‘We Are Mothers First’: Localocentric Articulation of Sex Worker Identity as a Key in HIV/AIDS Communication

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sex work, HIV/AIDS, health, communication, culture, mothers

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The connection between identity and health communication has been amply documented in communication research. How an individual frames oneself with respect to and in conjunction with one's interpersonal relationships and material and communicative structures shapes one's identity. This in turn shapes how one enacts the self, given the relationships and available contexts one is embedded in, all of which have a significant influence on how one communicates about and negotiates health and illness. This study reports the results of an ethnographic field study conducted during two periods—June and August 2007 and July and August 2009, which examined, chiefly through interviews of 46 participants, how members of a community of sex workers in Kalighat, in the city of Kolkata in India, communicatively constructed their selves with respect to their prevalent cultural indices and available structures, and how enunciations and enactments of sex worker selves as “mothers first” influenced localized patterns of HIV/AIDS communication and related work practices. Sex worker narratives suggested that mainstream assumptions and identity labels that depict sex workers as incapable mothers and the concurrent HIV/AIDS practices sex workers are asked to adopt need to be questioned and transformed to effect positive changes in health and HIV/AIDS negotiation practices among members of this marginalized community.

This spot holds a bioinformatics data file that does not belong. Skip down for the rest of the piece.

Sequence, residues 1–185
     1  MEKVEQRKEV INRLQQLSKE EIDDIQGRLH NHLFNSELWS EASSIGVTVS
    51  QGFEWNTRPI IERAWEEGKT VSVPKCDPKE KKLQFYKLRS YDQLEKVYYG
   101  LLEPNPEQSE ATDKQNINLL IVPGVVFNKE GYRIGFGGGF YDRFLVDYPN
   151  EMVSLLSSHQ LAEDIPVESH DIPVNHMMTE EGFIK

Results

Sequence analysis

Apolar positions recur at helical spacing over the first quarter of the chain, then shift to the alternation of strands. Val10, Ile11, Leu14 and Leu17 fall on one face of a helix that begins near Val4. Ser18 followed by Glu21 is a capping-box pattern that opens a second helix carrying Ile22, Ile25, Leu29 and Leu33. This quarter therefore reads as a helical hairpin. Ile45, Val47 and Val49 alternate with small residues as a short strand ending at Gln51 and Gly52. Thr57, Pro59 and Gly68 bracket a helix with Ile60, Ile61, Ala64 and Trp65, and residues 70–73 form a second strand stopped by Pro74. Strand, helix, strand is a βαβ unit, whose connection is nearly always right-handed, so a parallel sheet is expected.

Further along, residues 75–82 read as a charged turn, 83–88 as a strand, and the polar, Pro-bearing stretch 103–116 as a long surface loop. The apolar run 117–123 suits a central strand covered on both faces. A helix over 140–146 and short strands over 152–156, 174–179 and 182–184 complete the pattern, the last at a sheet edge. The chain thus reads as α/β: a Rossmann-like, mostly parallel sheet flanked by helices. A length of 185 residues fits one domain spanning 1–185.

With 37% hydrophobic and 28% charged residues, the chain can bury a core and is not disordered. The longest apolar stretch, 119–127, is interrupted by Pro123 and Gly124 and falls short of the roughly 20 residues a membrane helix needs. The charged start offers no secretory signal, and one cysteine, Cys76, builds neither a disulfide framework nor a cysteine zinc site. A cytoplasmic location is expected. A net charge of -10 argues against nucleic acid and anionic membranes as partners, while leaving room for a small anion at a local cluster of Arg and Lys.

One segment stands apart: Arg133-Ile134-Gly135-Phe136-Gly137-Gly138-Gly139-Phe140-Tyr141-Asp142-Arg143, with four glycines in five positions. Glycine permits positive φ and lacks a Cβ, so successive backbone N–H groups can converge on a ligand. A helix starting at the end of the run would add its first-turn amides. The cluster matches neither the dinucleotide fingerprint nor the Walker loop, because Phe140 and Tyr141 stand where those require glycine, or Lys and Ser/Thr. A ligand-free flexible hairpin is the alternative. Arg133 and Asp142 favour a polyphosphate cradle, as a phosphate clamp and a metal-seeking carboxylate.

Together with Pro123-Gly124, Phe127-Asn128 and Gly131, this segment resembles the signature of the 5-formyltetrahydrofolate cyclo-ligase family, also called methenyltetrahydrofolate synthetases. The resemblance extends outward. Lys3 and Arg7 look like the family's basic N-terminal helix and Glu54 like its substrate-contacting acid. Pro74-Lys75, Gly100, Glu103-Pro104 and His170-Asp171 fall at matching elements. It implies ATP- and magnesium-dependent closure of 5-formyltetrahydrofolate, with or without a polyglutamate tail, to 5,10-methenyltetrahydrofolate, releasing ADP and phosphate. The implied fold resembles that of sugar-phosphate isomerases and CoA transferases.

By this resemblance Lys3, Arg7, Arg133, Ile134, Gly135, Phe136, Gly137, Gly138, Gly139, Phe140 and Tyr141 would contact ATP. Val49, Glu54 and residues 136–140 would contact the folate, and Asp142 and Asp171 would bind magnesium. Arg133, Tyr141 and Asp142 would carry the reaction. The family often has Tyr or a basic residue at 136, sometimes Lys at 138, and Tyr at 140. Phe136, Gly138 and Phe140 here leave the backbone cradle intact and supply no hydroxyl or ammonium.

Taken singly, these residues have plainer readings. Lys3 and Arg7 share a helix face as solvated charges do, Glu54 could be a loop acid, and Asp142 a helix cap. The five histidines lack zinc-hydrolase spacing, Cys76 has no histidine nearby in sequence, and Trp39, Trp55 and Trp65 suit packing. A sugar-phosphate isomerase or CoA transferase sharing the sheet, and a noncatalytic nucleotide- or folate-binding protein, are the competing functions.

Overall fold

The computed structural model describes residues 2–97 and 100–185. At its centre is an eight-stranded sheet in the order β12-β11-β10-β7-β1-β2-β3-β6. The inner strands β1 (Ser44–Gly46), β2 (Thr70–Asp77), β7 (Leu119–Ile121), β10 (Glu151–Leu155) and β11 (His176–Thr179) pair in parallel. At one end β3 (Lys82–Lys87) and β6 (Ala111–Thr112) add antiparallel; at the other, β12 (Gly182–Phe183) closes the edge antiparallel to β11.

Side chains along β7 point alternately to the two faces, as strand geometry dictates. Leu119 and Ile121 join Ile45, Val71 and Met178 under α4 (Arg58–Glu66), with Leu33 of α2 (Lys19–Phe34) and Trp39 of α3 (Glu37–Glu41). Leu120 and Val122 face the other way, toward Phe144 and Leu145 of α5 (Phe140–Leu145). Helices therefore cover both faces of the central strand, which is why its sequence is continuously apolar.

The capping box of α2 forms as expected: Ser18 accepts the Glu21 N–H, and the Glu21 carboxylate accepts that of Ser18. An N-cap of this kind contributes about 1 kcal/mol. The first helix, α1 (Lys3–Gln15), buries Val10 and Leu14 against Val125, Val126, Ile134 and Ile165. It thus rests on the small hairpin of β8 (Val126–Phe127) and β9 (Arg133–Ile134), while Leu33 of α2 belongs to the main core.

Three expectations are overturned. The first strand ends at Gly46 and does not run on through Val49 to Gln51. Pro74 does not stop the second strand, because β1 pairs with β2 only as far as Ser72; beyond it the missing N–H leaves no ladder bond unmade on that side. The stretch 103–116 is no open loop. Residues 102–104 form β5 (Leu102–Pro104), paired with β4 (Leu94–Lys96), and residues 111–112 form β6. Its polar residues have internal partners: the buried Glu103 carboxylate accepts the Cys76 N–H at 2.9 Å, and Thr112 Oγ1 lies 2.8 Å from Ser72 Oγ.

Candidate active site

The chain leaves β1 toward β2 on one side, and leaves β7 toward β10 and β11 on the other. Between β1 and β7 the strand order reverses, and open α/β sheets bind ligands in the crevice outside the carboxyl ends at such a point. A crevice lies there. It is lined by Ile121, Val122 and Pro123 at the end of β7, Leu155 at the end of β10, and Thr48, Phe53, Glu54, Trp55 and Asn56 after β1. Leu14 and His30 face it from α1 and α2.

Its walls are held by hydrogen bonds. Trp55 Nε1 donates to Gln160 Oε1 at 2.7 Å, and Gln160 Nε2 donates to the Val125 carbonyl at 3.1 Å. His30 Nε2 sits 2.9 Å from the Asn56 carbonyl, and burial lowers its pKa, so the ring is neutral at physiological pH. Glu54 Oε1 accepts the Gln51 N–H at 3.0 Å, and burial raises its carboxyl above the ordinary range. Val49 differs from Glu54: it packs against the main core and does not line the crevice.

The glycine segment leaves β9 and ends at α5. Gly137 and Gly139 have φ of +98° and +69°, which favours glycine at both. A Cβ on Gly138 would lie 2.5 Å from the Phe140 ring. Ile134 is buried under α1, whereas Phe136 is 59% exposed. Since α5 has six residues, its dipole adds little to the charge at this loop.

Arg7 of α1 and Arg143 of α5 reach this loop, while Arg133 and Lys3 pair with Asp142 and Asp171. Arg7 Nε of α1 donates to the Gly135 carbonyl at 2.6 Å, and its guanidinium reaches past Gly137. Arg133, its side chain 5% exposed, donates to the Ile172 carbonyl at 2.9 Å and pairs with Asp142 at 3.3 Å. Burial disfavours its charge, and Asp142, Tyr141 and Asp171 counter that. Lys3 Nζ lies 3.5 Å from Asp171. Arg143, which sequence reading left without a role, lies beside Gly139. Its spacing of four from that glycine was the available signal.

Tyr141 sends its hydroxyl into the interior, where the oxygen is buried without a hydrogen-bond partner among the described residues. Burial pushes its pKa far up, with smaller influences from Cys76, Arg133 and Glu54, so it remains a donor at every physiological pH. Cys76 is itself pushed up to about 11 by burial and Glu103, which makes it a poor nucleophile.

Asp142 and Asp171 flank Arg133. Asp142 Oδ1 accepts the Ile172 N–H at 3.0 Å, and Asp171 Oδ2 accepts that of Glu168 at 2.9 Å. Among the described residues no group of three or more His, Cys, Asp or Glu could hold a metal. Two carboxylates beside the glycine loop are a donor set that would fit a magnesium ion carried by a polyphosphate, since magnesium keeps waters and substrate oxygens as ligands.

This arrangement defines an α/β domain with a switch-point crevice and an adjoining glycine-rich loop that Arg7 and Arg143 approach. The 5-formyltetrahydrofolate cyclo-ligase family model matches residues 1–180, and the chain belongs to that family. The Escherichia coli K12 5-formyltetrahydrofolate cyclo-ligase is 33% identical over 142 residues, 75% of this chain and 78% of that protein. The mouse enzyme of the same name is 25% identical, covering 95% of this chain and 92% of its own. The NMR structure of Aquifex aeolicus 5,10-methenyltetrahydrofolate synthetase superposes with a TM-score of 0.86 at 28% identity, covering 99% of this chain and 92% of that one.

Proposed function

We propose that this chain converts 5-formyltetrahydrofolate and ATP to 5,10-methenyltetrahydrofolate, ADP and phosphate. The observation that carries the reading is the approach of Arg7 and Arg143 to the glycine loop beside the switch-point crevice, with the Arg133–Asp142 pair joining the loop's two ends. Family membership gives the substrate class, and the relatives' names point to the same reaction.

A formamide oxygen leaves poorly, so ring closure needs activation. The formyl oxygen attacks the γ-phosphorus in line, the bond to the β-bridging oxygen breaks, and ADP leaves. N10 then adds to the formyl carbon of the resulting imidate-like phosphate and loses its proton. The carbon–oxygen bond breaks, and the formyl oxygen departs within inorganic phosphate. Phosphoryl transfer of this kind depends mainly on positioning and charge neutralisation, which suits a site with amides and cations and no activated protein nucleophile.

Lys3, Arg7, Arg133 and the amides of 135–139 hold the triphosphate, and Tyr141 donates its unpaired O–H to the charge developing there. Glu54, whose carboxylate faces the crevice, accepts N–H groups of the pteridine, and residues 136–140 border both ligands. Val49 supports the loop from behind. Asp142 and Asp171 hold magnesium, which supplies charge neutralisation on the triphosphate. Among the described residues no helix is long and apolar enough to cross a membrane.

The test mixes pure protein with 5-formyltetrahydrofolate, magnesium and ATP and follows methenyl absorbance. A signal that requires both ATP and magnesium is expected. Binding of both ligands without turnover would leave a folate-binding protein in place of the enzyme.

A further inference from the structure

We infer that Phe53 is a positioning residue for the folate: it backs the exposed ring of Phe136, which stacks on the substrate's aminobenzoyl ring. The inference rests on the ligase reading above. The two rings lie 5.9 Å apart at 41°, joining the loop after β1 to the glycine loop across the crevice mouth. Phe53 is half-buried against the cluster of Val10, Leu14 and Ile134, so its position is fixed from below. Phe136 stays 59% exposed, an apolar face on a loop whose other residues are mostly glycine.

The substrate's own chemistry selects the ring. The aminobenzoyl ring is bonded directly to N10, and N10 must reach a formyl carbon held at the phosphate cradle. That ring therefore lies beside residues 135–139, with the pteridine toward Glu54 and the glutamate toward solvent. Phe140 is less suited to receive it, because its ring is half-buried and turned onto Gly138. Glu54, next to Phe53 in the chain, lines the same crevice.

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Women & Health, v. 51, issue 2, p. 106-123